After many years of being in Japan, Bow Wow relocated to England in 1987. From there, they worked with music producer Kit Woolven for the release of their album, V– which eventually spawned the hit single, Don’t Leave Me Now. Another studio album later, they released Rock Me Now, a number that is still considered a classic hard rock hit to this day. Shortly afterward, Yamamoto and the crew returned to their native country briefly for a Japan tour. In 1989, Bow Wow came together to record what was to be their last album, Helter Skelter, which was produced by Tony Taverner.
Although they officially disbanded in 1990, Bow Wow has since reunited several times. For instance, they came back together for a few more releases in 1995, and later reunited once again in 2009 for a reunion show concert in 2009.
Kyoji Yamamoto’s Solo Music Career
Aside from having had a successful music career with Bow Wow, Yamamoto has also carved an identity for himself as a solo recording artist. On May 25, 1980, the guitarist released his debut studio album entitled, Horizon under Sounds Marketing System. Recorded in various studios in Tokyo, the original album contained nine tracks including Summer Get Away, Solid Movement, Crush the Rock, Chasin’ the Shadow of You, Dog Fight, and Guitar Man– a number of which were instrumentals; altogether, the album boasted close to forty minutes of hard rock music.
Two years later, Yamamoto came out with his second full length album, Guitar Man. Distributed via SMS Records, the hard rock album came with a two-sided disc that contained a total of fourteen songs; some of the more memorable hits include Theme from Bloody Mary, Soldier in the Space, Chasin’ The Shadow of You, Breakdown of the Earth, Guitar Man, Scramble, and Solid Movement.
Prior to taking a prolonged break from his solo music career, the guitarist came out with a third studio album entitled, Electric Cinema. Recorded in London with a few members of the British rock band Last Flight, it consisted of ten titles, a few of which included Could This Be Magic, I’ll Wait a Lifetime, Just Can’t Take It, On the Edge, Love Lies Bleeding, E. Bow Concerto in D Minor, and Yomegashima. While all of the songs featured Yamamoto’s skillful guitar playing, four of the tracks saw him as the lead vocalist.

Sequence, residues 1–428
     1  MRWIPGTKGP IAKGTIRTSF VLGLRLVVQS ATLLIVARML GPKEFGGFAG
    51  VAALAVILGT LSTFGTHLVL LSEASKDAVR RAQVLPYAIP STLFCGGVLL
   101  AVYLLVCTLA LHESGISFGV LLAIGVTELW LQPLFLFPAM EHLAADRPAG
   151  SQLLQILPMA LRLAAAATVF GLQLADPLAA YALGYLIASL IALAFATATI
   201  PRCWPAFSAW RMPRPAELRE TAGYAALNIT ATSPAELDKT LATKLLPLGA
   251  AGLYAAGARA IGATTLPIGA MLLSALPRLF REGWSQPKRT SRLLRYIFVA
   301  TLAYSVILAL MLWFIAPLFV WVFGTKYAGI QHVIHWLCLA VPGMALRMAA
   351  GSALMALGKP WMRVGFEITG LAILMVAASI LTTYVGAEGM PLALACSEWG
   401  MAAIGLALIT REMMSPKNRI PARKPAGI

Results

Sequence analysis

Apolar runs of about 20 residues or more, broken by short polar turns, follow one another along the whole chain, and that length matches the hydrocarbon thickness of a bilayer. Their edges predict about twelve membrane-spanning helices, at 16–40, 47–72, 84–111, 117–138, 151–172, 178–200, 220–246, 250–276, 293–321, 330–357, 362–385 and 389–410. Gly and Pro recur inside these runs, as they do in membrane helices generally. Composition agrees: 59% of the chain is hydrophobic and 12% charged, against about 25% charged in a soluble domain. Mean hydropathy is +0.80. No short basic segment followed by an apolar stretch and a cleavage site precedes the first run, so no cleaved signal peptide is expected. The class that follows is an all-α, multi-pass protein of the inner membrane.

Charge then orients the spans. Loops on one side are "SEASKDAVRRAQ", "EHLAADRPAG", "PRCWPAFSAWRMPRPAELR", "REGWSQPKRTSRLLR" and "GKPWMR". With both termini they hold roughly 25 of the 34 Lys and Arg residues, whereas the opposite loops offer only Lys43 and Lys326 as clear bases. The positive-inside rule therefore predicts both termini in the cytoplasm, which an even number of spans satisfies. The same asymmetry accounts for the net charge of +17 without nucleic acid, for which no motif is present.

From there, it wasn’t until 1998 that he returned with the release of his fourth studio album, Mind Arc (1998). Since then, Yamamoto has come out with a number of additional albums including Requiem (1999), Time (2005), The Life Album (2010), Voyager: The Essential Kyoji Yamamoto (2010), and Philosophy (2014). In addition to his musical releases, the guitarist has also dropped three DVDS in 2006, 2008, and 2015.
What’s Kyoji Yamamoto Doing Now in 2018 – Recent Updates
It doesn’t look like the 60-year-old hard rock musician has given in the towel yet- in fact, just this past January, he performed a concert at the Shinyokohama Strage in Japan- one of the many shows that he’s put on since the start of 2017.
According to his official website, he also has a few upcoming shows in Kyoto, Yamaguchi, Shimane, Aoba, Chiba, Saitama, on top of many others. From the looks of it, his schedule from now until July appears to be quite packed- the bad news is that, most of the planned events will be taking place in Japan. For more information, you can visit his official website- do note however that most pages are only available in Japanese.
If you’d like to keep in touch with the Japanese guitarist, your best bet is probably to check out his official website as mentioned earlier, at kyoji-yamamoto.com. Having said that, you can also visit his Youtube channel at @wildlandcorporation.